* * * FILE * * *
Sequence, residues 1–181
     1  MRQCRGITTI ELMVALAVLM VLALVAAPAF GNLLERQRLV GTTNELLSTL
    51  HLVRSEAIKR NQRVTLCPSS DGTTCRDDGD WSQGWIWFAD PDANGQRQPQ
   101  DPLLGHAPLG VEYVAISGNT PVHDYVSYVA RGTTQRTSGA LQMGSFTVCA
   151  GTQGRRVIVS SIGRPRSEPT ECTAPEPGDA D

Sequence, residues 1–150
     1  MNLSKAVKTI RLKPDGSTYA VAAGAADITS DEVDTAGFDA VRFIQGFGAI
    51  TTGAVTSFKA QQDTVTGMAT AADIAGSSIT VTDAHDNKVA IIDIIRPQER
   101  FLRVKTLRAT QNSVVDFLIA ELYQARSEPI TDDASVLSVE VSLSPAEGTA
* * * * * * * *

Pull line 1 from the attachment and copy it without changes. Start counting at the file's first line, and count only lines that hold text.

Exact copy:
Sequence, residues 1–181